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Showing posts sorted by relevance for query ADHD. Sort by date Show all posts

Aspergers and ADHD

"Is it possible to have a child diagnosed with ADHD, but later discover that he really has Aspergers? Our son currently has a diagnosis of ADHD, but the more we research, the more we think he has Aspergers instead. Also, is it possible to have both disorders at the same time?"

Yes, and yes. Even though doctors have clear diagnostic guidelines for children with Aspergers (High-Functioning Autism), some children get misdiagnosed with other disorders. ADHD and Oppositional Defiant Disorder (ODD) are two diagnoses that children with Aspergers often get diagnosed with. Both diagnoses have features similar to Aspergers, particularly ADHD.

ADHD is a genetic disorder as is Aspergers. Both situations involve children with difficulty learning and difficulty with interacting with other children. There can be hyperactivity with both disorders as well. Because of the similarities of the two disorders, the doctor must look at the checklists for both disorders to see which of the two disorders matches the best.

In looking at the two disorder checklists, it’s easy to see that there are similarities and differences...

Aspergers Behavioral Checklist:
  • Difficulty mixing with other children
  • No real fear of danger
  • Tantrums, displays extreme distress for no apparent reason
  • Inappropriate giggling or laughing
  • May not want cuddling or act cuddly
  • Noticeable physical over-activity or extreme under-activity
  • Little (or no) eye contact
  • Works impulsively, often makes careless mistakes, work is sloppy 
  • Uneven gross/fine motor skills

ADHD Behavioral Checklist:
  • Can't talk or play quietly, disrupts others with talk or actions
  • Difficult awaiting turn in games or activities 
  • Engages in potentially dangerous activities
  • Plays without normal caution or consideration of consequences 
  • Severe temper tantrums 
  • Interrupts, disrupts, talks and acts inappropriately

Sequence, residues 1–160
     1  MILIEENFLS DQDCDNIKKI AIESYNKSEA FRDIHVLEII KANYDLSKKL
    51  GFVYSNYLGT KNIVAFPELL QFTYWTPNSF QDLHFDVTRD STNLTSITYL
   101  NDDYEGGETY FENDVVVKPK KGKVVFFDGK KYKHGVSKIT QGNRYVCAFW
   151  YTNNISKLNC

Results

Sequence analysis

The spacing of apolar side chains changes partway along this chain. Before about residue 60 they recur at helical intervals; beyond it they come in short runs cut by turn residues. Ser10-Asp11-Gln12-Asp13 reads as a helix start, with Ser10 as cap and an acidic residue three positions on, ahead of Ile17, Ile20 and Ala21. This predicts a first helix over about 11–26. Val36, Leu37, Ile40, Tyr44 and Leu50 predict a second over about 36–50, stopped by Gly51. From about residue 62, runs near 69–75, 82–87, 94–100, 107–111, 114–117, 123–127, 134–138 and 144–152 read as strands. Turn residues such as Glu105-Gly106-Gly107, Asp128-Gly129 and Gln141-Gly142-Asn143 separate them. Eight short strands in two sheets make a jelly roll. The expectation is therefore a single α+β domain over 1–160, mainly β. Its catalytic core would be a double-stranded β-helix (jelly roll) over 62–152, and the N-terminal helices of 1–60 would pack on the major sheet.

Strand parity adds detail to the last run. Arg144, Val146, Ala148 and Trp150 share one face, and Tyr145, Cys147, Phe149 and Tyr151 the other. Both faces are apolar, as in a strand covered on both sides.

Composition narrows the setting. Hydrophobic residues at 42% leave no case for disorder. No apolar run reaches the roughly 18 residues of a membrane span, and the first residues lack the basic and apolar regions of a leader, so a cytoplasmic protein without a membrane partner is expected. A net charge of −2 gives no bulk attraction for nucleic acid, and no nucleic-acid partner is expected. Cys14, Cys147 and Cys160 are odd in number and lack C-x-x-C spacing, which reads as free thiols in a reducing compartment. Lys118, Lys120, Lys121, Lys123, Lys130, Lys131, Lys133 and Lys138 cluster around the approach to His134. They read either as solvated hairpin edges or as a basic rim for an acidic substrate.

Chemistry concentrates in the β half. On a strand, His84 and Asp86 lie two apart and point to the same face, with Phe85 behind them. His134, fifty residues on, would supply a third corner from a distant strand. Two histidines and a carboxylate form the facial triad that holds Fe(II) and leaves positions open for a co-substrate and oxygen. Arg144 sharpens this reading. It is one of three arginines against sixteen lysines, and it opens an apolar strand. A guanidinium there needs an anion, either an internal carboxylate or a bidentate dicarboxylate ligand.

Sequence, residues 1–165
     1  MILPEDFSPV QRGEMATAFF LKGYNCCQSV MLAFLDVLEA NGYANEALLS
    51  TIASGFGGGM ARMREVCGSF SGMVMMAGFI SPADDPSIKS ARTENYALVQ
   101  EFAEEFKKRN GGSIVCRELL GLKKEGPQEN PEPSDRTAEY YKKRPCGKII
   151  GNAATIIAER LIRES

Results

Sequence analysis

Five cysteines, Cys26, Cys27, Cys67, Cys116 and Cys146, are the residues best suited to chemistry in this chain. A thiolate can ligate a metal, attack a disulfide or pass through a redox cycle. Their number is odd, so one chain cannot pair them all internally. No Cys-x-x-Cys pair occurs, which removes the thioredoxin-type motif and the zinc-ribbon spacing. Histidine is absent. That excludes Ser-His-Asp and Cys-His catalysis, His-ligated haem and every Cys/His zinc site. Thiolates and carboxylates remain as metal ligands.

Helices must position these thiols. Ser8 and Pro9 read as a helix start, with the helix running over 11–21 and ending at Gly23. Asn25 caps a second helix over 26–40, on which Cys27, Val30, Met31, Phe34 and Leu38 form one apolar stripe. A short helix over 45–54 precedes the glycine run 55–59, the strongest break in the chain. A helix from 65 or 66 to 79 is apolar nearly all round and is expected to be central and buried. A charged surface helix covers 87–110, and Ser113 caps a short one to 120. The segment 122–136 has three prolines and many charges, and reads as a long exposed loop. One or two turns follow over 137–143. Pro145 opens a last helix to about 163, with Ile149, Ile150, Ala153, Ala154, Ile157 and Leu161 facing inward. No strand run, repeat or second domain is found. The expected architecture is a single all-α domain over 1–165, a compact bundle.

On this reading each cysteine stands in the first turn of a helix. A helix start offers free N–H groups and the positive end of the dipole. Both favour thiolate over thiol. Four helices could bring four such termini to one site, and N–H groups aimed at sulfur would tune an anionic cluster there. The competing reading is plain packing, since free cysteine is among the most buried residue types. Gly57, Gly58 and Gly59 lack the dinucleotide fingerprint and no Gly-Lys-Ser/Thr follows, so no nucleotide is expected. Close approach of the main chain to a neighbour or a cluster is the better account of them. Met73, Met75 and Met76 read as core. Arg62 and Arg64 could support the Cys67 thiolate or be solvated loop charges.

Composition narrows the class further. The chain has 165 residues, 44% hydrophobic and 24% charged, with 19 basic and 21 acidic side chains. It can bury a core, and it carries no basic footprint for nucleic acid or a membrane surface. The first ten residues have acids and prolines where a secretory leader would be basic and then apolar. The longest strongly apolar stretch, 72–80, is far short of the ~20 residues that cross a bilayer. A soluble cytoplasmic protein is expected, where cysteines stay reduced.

• When younger, difficulty accepting soothing or holding
  • Always on the move, overactive, even during sleep
  • Often does not seem to listen when spoken to directly
  • Often does not give close attention to details or makes careless mistakes in school work or other activities
  • Uneven gross/fine motor skills

Using checklists like these may be the best option in diagnosing a child correctly and not missing the diagnosis of Aspergers when it exists.

This video goes into greater depth on this issue:
The Aspergers-ADHD Overlap


More resources for parents of children and teens with High-Functioning Autism and Asperger's:

==> How To Prevent Meltdowns and Tantrums In Children With High-Functioning Autism and Asperger's

==> Parenting System that Significantly Reduces Defiant Behavior in Teens with Aspergers and High-Functioning Autism

==> Launching Adult Children with Asperger's and High-Functioning Autism: Guide for Parents Who Want to Promote Self-Reliance

==> Teaching Social Skills and Emotion Management to Children and Teens with Asperger's and High-Functioning Autism

==> Parenting Children and Teens with High-Functioning Autism: Comprehensive Handbook

==> Unraveling The Mystery Behind Asperger's and High-Functioning Autism: Audio Book


==> Parenting System that Reduces Problematic Behavior in Children with Asperger's and High-Functioning Autism


COMMENTS:

•    Anonymous said... yes, there can be what they call co-morbidity, symptoms are similar in some aspects but ADHD is far more readily diagnosed
•    Anonymous said... Yes, my son was originally diagnosed with dyslexia and ADHD. I never agreed with the ADHD diagnosis. I think It's all a bit of a guessing game anyways.
•    Anonymous said... yes, my daughter has both adhd and aspergers, both diagnosed together when she was 7
•    Anonymous said... Yes my son was diagnosed at 2 with adhd then at 12 years of age he was diagnosed not only with ADHD but aspergers as well as OCD. I now have another son on the spectrum he is 8 but high functioning this time round but just as difficult but I'd like to say my oldest aspy now has a job and a secure future, they can get there they just need support and encouragement to not give up on themselves and that they too can have a place in society